The Mayali Pass trek is regarded as a hidden gem as it is less explored by trekkers. The trail is ideal for pilgrims travelling from Gangotri to Kedarkantha. The trek route is blessed with beautiful streams, dense forests, pristine river bodies, high plateaus, and glaciers. Proper fitness is required for the trek. Owing to the high altitude, acclimatization is very necessary. Most symptoms of Acute Mountain Sickness (AMS) heal quickly as they are mild and don’t have long term after-effects. The camp at Masar Tal is the coldest camp of the trek. Take adequate time to adjust to the temperature. Dizziness, insomnia, irritability, headache, loss of appetite are some of the symptoms of AMS. But there are chances of the symptoms turning fatal.

  • Altitude Gain - 17,500 ft.
  • Level of Difficulty – Difficult
  • Duration – 11 Days

The Pin Parvati Pass Trek is an extremely difficult trek with high risks. The 112 km trail of the trek is tricky and one needs to be attentive at all times. The river Parvati lies just 50 ft. below from where the trail hangs. The terrain is dangerous with narrow sections. The area is also prone to landslides and rockfalls. Evacuation is an issue in this trek, so the trekkers have to follow the instructions of acclimatization carefully. Acute Mountain Sickness is very common in this trek and it can take serious turns if not treated well. The mild symptoms include nausea, vomiting, shortness of breath, rapid heart rate, dizziness, fatigue, and more. However, chest congestion, lack of balance, skin discolouration, and pale complexion are some of the symptoms that indicate the seriousness of the AMS.

  • Altitude Gain - 15,700 ft.
  • Level of Difficulty – Difficult
  • Duration – 8 Days

The Roopkund Trek is a 53 km long trek with various ascents and descents. It is one of the most popular treks in India. Even the most experienced trekkers face dizziness on this trek. Many marathon runners also face difficulty in completing this trek. There are chances of AMS for any high altitude trek, so Roopkund is also not an exception. But the symptoms of AMS can be kept under control if acclimatization is proper. Take adequate rests and avoid climbing too fast. Give the body a certain amount of time to adjust to the change in temperature. The symptoms include dizziness, nausea, irritability, loss of breath, and muscle aches. People having low red blood cell count, heart, and lung diseases should avoid such high altitude treks. These treks can amplify the symptoms of the existing health issue and cause deaths.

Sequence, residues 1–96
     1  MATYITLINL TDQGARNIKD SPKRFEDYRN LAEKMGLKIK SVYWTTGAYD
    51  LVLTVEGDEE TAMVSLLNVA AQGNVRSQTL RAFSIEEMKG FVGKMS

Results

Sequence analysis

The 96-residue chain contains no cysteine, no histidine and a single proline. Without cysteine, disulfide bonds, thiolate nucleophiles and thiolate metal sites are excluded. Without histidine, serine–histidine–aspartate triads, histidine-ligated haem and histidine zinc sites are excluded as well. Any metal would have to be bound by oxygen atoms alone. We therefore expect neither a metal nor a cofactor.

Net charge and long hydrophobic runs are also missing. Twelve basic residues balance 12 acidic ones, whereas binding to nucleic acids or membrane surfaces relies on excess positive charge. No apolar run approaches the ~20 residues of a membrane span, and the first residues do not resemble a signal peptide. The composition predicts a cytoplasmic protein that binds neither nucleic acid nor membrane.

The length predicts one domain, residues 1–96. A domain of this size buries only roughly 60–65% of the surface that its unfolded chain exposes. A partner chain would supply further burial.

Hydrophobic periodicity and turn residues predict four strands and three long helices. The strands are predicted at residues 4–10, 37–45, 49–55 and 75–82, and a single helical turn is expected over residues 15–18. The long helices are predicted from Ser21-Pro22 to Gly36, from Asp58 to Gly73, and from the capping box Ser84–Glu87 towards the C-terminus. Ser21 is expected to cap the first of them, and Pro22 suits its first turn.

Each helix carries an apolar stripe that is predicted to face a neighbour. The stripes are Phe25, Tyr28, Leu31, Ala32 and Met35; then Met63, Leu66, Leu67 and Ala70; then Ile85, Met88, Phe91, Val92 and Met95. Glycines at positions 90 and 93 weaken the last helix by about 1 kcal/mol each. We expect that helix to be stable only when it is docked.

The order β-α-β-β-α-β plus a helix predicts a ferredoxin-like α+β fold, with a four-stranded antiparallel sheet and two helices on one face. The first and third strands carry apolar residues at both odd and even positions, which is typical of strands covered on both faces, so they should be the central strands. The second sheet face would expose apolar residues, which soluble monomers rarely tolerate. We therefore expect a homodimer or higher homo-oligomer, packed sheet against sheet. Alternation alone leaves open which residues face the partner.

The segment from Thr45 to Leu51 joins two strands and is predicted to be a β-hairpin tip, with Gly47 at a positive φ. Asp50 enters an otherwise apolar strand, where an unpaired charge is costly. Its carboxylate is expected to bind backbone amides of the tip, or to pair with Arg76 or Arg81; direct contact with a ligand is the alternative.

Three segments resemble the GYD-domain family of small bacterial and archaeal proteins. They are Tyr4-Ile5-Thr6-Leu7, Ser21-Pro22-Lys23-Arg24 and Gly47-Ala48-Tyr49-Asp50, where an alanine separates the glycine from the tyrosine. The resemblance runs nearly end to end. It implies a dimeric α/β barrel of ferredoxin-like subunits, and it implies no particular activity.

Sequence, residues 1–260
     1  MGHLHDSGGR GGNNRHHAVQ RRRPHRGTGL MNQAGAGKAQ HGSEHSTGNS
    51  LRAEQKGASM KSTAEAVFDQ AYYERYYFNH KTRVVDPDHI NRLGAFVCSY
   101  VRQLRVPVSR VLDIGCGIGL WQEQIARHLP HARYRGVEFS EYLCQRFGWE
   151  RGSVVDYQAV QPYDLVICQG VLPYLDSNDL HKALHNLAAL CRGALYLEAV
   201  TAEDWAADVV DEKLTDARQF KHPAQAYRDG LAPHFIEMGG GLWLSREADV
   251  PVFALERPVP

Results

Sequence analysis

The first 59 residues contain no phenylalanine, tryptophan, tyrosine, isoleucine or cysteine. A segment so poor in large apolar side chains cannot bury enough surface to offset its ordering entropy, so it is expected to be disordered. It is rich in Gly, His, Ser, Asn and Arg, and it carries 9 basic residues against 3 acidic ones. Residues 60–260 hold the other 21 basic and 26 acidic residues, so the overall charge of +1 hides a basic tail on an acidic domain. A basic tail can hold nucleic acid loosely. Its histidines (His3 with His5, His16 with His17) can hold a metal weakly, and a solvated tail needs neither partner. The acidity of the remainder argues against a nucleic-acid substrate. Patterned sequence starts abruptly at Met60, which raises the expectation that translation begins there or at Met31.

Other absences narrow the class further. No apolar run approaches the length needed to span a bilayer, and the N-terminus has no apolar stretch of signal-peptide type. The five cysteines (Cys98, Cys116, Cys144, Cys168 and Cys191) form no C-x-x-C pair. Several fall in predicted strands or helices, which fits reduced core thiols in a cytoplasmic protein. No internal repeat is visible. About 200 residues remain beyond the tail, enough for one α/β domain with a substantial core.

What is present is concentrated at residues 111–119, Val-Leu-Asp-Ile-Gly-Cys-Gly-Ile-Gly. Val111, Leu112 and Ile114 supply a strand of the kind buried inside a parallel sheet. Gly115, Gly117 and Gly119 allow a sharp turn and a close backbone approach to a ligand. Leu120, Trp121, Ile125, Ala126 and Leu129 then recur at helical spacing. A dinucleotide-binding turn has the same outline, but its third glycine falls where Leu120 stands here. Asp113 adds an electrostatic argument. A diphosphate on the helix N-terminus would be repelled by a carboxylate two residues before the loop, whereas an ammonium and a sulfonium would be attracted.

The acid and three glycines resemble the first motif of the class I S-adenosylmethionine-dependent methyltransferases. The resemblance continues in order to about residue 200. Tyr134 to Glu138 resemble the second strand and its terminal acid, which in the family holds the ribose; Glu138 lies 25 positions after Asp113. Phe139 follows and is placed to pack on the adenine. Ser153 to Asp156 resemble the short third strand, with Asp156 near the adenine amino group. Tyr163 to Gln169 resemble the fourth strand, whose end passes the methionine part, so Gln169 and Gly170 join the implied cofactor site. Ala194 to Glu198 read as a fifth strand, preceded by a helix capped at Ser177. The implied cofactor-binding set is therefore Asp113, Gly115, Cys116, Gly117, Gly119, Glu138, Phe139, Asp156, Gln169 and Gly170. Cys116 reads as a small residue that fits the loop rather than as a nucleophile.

Why acclimatization for high altitude treks becomes necessary?

Altitude sickness is caused by climbing high without any rest. The body requires a minimal amount of time to adjust to any given environment. This process of adjusting to the fewer molecules of oxygen is known as acclimatization. The number of oxygen molecules per breath reduces with an increase in altitude. Acclimatization is necessary while trekking as a lack of adjustment can cause life-threatening diseases. It is only when an acute mountain sickness(AMS) turns towards HAPE( High Altitude Pulmonary Oedema) or HACE( High Altitude Cerebral Oedema) that it becomes deadly. Eating and sleeping well, ascending slowly, staying hydrated, and regulating body temperature helps in acclimatization. The body faces less discomfort if it is acclimatized well. It is mostly accepted that the pace of acclimatization is dependent on genetics. The trekking companies keep adequate resting time for the better performance of individuals.

Trekking is a wonderful adventure sport that is loved by all. But it comes with a fair share of health problems. Acute Mountain Sickness is pretty common among people who climb too fast. The effect of high altitude in the human body usually are short-lived, but can also turn fatal if not taken care of. Hence, it is really important to give time to the body to adapt.

Written by Meenakshi on 17-May-2020